The outbreak has sparked several large recalls. In early June, Townsend Farms recalled more than 300,000 four pound packages of the frozen berries sold at Costco and then issued another recall of berries sold at Harris Teeter. Last week, Scenic Fruit Company recalled over 60,000 bags of Woodstock Frozen Organic Pomegranate Kernels because their product, imported from Turkey, has the potential to be contaminated with Hepatitis A.

On Sunday, FDA announced the Townsend Farms frozen berry recall has been expanded again. The company is now recalling Townsend Farms Organic Antioxidant Blend, 3 lb. bag with UPC 0 78414 40444 8. The codes are located on the back of the package with the words “BEST BY” followed by the code T122114 sequentially through T053115, followed by a letter. All letter designations are included in the voluntary recall, according to the expanded recall announcement.

The announcement also said that the epidemiological evidence “does not support an association between the illness outbreak and the four other berry products (raspberry, blueberry, strawberry and dark cherry) in the Frozen Organic Antioxidant blend,” which were also used in other Townsend Farms products, so consumers do not have reason to be concerned about those berries.

Townsend Farms said an FDA inspection of the company’s frozen fruit repacking operations has been completed. “The FDA found no evidence linking either the Townsend Farms, Inc.’s repacking facility or any food handler who had possible contact with the product to the source of the illness outbreak,” according to the release.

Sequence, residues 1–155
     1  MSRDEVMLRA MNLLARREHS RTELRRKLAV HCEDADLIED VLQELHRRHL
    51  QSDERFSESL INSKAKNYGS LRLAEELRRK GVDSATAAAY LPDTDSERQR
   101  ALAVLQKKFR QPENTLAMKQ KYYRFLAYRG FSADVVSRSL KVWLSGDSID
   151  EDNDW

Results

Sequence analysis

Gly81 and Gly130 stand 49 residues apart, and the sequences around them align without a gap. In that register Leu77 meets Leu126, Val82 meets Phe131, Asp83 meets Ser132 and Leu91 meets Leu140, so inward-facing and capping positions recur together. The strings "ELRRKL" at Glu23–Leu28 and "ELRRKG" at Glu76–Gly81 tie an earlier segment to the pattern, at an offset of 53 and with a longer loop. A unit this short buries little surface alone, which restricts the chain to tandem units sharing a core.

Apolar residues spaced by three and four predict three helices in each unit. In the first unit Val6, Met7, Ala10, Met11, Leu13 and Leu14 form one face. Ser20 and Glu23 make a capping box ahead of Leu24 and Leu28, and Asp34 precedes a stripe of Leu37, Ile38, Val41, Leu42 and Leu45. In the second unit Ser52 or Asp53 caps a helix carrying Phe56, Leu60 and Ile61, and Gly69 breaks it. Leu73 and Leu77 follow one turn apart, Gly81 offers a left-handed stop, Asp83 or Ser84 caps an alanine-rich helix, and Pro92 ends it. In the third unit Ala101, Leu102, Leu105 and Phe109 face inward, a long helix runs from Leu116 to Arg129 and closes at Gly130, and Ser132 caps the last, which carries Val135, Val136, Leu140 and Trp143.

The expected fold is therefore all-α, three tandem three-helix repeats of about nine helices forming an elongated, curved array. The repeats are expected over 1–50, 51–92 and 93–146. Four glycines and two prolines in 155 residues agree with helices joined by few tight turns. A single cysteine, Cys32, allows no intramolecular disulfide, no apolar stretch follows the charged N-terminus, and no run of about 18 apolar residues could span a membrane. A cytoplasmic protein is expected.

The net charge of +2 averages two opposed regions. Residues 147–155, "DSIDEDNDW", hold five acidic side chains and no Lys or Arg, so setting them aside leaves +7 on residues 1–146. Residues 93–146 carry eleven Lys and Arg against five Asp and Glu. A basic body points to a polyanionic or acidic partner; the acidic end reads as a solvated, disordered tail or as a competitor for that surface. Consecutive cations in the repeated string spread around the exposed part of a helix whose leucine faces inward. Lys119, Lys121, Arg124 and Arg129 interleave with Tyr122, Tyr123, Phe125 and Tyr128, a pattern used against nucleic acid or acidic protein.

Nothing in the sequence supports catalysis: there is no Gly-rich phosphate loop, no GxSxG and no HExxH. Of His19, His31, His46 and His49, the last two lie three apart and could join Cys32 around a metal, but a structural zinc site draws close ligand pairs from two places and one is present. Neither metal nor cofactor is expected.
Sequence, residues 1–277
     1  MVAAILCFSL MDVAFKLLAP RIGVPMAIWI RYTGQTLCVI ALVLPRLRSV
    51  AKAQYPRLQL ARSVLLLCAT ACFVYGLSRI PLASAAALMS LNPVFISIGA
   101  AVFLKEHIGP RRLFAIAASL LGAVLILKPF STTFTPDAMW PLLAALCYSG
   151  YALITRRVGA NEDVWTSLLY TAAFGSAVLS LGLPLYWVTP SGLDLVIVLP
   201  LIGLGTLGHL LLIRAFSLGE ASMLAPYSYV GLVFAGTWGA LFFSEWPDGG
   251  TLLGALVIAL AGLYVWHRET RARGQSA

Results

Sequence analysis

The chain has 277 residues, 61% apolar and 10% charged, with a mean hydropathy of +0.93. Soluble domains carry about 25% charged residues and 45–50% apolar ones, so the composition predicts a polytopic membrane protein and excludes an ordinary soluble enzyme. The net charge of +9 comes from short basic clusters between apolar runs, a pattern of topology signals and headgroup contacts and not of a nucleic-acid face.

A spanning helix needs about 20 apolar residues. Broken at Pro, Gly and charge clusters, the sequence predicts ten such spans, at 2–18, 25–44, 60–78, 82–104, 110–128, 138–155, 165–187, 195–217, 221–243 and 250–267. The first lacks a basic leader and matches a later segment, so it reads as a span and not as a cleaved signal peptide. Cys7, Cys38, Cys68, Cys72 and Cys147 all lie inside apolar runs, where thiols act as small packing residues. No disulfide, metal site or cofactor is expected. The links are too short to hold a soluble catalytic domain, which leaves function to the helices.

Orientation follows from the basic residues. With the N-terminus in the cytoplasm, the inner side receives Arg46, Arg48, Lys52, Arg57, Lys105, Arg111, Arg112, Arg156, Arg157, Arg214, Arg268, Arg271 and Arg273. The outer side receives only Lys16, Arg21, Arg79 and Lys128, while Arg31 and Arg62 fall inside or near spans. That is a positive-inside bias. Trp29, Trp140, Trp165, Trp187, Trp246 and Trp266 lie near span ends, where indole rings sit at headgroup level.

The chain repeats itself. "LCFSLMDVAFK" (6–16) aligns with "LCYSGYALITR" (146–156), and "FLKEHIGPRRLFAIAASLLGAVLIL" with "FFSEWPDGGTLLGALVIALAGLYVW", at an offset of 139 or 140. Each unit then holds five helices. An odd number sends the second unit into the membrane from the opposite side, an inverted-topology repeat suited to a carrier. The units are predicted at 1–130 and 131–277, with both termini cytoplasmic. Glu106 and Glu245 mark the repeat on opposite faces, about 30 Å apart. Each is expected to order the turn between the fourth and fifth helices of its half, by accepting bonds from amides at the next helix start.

Hepatitis A, a liver disease, can range from mild to severe and can last anywhere from a few weeks to several months. Symptoms usually occur within 15 to 50 days of exposure and include fatigue, abdominal pain, jaundice, abnormal liver tests, dark urine and pale stool.

If a person has been exposed to the Hepatitis A virus within two weeks or less, they may be able to prevent the disease by receiving a vaccine. Consumers who may have eaten recalled product or have Hepatitis A symptoms should consult with their healthcare provider or their local health department.

 

Food Safety News

Pomegranate Kernels Recalled in Connection with Townsend Farms Hep A Outbreak

Scenic Fruit Company, based in Oregon, has voluntarily recalled 5,091 cases (61,092 8-oz. bags) of Woodstock Frozen Organic Pomegranate Kernels due to potential contamination of hepatitis A.

No illnesses have been connected to the Woodstock brand pomegranate kernels, but they were imported from Turkey and may be associated with the imported pomegranate kernels implicated in the ongoing Townsend Farms frozen berry hepatitis A outbreak that has sickened at least 122 people in eight states.